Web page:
We may be subject to damages resulting from claims that our employees or we have wrongfully used or disclosed alleged trade secrets of their former employers.

 

Many of our employees were previously employed at universities or other biotechnology or pharmaceutical companies, including our competitors or potential competitors. Although no claims against us are currently pending, we may be subject to claims that these employees or we have inadvertently or otherwise used or disclosed trade secrets or other proprietary information of their former employers. Litigation may be necessary to defend against these claims. If we fail in defending such claims, in addition to paying monetary damages, we may lose valuable intellectual property rights or personnel. A loss of key research personnel or their work product could hamper or prevent our ability to commercialize certain potential drugs, which could severely harm our business. Even if we are successful in defending against these claims, litigation could result in substantial costs and be a distraction to management.

 

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If we fail to enforce adequately or defend our intellectual property rights our business may be harmed.

 

Our commercial success depends in large part on obtaining and maintaining patent and trade secret protection for our drug candidates, the methods used to manufacture those drug candidates and the methods for treating patients using those drug candidates.

 

Specifically, sapacitabine is covered in granted, composition of matter patents that expire in 2014 in the United States and 2012 outside the United States. Sapacitabine is further protected by additional granted, composition of matter patents claiming certain, stable crystalline forms of sapacitabine and their pharmaceutical compositions and therapeutic uses that expire in 2022 (and may be eligible for a Hatch-Waxman term restoration of up to five years, which could extend the expiration date to 2027) and also patent applications claiming the combination of sapacitabine with hypomethylating agents, including decitabine, which is being tested as one of the arms of the SEAMLESS Phase 3 trial. In early development, amorphous sapacitabine was used. We have used one of the stable, crystalline forms of sapacitabine in nearly all our Phase 1 and in all of our Phase 2 clinical studies. We have also chosen this form for commercialization. Additional patents and applicants claim certain medical uses and formulations of sapacitabine which have emerged in our clinical trials. Seliciclib is protected by granted, composition of matter patents that expire in 2016. Additional patents claim certain medical uses which have emerged from our research programs.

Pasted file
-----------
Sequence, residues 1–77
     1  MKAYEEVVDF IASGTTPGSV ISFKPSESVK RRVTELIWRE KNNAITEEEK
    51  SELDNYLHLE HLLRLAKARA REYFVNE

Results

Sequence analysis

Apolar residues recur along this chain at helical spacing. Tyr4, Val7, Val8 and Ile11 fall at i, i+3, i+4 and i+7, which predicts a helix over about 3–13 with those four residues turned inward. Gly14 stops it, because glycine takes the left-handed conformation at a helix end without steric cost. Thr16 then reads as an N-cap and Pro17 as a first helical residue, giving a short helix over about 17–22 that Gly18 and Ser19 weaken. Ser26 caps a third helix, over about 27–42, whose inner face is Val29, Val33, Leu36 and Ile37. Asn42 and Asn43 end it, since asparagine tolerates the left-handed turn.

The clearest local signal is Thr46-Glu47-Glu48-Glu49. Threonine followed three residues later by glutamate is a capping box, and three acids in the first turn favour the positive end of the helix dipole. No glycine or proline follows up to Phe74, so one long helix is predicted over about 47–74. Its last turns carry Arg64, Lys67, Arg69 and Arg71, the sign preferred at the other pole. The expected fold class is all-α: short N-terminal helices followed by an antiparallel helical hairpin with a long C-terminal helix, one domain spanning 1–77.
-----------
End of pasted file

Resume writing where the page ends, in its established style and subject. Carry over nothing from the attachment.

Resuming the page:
Failure to obtain, maintain or extend the patents could adversely affect our business. We will only be able to protect our drug candidates and our technologies from unauthorized use by third parties to the extent that valid and enforceable patents or trade secrets cover them.

 

Our ability to obtain patents is uncertain because legal means afford only limited protections and may not adequately protect our rights or permit us to gain or keep any competitive advantage. Some legal principles remain unresolved and the breadth or interpretation of claims allowed in patents in the United States, the European Union or elsewhere can still be difficult to ascertain or predict. In addition, the specific content of patents and patent applications that are necessary to support and interpret patent claims is highly uncertain due to the complex nature of the relevant legal, scientific and factual issues. Changes in either patent laws or in interpretations of patent laws in the United States, the European Union or elsewhere may diminish the value of our intellectual property or narrow the scope of our patent protection. Our existing patents and any future patents we obtain may not be sufficiently broad to prevent others from practicing our technologies or from developing competing products and technologies. In addition, we generally do not control the patent prosecution of subject matter that we license from others and have not controlled the earlier stages of the patent prosecution. Accordingly, we are unable to exercise the same degree of control over this intellectual property as we would over our own.